There really is something about fall for me, this huge jolt of energy. Thank God, because I have a lot to do. This week I did my taxes and a book proposal at the same time, two activities that should never be performed simultaneously. (At some point the brain does explode, doesn’t it?) This week I have to write another book proposal while doing edits for another book, and go to Houston to teach a workshop.
In the middle of all of this there is another book that I am dying, just dying to get done. This is why I’m a big fan of Nanowrimo. Even though, truthfully, like every full-time writer I have a Nano-like writing schedule most of the time, there’s something about having a designated month where all kinds of people are putting in this kind of insane writing time with the insane goal of having some rough approximation of a book at the end of it that makes it all feel okay, somehow, even doable.
For the last couple of years I’ve been doing a Nano Prep series on my blog in October, because I reel in horror at the idea of people just sitting down on Day 1 and starting to write to see what comes out. The chances of getting a viable book out of that process seem – slim.
I may finally have gone to the opposite extreme, though. The more I analyze structure, the more it seems to me that every story has the same underlying structure. In previous years I’ve come up with a checklist of story elements, and last year I really expanded on that one. But in the last month of some short workshops and my Nano Prep, I’ve actually tried to put the most important of those story elements into an almost narrative, a cheat sheet for story development.
So I’m running it by you all today, to see if it makes sense to anyone but me.
Narrative Structure Cheat Sheet
We meet the Hero/ine in the Ordinary World.
— a Ghost or Wound
— a strong Desire
— Special Skills
And an Opponent, or several, which is standing in the way of her getting what s/he wants, and possibly wants exactly the same thing that s/he wants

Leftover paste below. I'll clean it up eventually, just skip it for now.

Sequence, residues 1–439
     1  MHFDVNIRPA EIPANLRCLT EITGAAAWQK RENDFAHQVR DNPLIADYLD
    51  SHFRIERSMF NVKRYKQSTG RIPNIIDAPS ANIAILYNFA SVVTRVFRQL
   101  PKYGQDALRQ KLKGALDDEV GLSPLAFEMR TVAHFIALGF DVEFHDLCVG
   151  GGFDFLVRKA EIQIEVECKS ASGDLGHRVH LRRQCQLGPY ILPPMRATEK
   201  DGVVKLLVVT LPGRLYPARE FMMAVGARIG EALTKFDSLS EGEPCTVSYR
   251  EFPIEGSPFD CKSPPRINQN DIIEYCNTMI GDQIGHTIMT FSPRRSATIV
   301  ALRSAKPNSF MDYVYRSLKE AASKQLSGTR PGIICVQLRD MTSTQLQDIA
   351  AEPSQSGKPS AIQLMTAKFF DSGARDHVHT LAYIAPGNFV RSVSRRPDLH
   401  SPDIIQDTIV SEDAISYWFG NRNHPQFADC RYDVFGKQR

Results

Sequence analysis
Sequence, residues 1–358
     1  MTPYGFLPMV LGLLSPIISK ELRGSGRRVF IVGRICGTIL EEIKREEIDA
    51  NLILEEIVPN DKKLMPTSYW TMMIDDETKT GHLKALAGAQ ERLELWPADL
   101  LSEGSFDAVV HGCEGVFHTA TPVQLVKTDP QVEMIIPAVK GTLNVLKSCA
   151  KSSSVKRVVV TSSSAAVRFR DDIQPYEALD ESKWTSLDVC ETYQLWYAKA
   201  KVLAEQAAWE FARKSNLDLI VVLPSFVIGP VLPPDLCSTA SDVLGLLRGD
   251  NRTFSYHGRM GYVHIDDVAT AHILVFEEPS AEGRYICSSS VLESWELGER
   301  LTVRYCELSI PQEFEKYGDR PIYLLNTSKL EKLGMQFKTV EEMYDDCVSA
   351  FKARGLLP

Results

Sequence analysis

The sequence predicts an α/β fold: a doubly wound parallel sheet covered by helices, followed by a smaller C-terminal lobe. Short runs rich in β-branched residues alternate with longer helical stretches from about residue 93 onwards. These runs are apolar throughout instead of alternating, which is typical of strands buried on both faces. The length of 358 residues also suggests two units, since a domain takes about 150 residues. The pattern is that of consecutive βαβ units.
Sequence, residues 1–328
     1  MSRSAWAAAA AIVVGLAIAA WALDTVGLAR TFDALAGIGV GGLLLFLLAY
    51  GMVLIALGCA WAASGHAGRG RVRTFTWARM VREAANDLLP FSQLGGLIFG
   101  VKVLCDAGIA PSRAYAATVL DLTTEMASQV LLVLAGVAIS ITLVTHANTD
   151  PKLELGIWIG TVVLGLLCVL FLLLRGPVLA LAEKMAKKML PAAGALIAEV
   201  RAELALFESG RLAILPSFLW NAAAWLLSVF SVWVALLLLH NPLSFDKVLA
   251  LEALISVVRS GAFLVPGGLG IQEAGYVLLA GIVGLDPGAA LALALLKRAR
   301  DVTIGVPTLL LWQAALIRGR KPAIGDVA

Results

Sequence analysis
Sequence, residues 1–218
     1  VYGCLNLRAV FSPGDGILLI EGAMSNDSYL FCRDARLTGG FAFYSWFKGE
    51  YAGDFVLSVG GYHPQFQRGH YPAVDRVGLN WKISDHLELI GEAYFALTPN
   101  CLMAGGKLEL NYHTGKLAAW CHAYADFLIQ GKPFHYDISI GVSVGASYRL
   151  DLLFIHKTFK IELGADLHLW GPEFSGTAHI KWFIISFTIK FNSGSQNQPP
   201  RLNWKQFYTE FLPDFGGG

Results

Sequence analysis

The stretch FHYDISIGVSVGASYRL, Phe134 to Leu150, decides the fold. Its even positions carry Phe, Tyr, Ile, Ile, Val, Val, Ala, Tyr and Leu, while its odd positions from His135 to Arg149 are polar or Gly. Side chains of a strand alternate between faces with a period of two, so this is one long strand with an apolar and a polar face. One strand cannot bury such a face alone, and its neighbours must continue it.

She gets a Call to Adventure: a phone call, an invitation, a look from a stranger, that invites her to change her life.
That impulse may be blocked by a
— Threshold Guardian
— And/or the Opponent
— And/or she is herself reluctant to take the journey.
But she overcomes whatever opposition,
— Gathers Allies and the advice of a Mentor
— Formulates a specific PLAN to get what s/he wants
And Crosses the Threshold Into the Special World.
The hero/ine goes after what s/he wants, following the PLAN
The opponent blocks and attacks, following his or her own PLAN to get what s/he wants
The hero/ine may now:
— Gather a Team
— Train for battle (in a love story this can be shopping or dating)
— Investigate the situation.
— Pass numerous Tests
All following the Plan, to achieve the Desire.
No matter what genre, we experience scenes that deliver on the Promise of the Premise – magic, flying, sex, mystery, horror, thrills, action.
We also enjoy the hero/ine’s Bonding with Allies or Falling in Love
And usually in this Act the hero/ine is Winning.
Then at the Midpoint, there is a big Reversal, Revelation, Loss or Win that is a Game-Changer.
The hero/ine must Recover and Recalibrate from the game-changer of the Midpoint.
And formulate a New Plan
Neither the Hero/ine nor the Antagonist has gotten what they want, and everyone is tired and pissed.
Therefore they Make Mistakes
And often Cross a Moral Line
And Lose Allies
And the hero/ine, or if not the hero/ine, at least we, are getting the idea (if we didn’t have it before) that the hero/ine might be WRONG about what s/he wants.
Things begin to Spiral Out of Control
And get Darker and Darker (even if it’s funny)
Until everything crashes in a Black Moment, or All is Lost Moment, or Visit to Death.
And then, out of that compete despair comes a New Revelation for the hero/ine
That leads to a New Plan for the Final Battle.
The Heroine Makes that last New Plan
Possibly Gathers the Team (Allies) again
Possibly briefly Trains again
Then Storms the Opponent’s Castle (or basement)
The Team (if there is one) Attacks the Opponent on his or her own turf, and all their
— Skills are tested.
— Subplots are resolved,
— and secondary Opponents are defeated in a satisfying way.
Then the Hero/ine goes in alone for the final battle with the Antagonist. Her Character Arc, everything s/he’s learned in the story, helps her win it.
The Hero/ine has come Full Circle
And we see the New Way of Life that s/he will live.
Let me know if this makes sense, or is at all helpful, and otherwise, who else is doing Nano? And for the happy, sane, non-writers, do you get that Back to School feeling about fall, too? What are you doing with that burst of energy?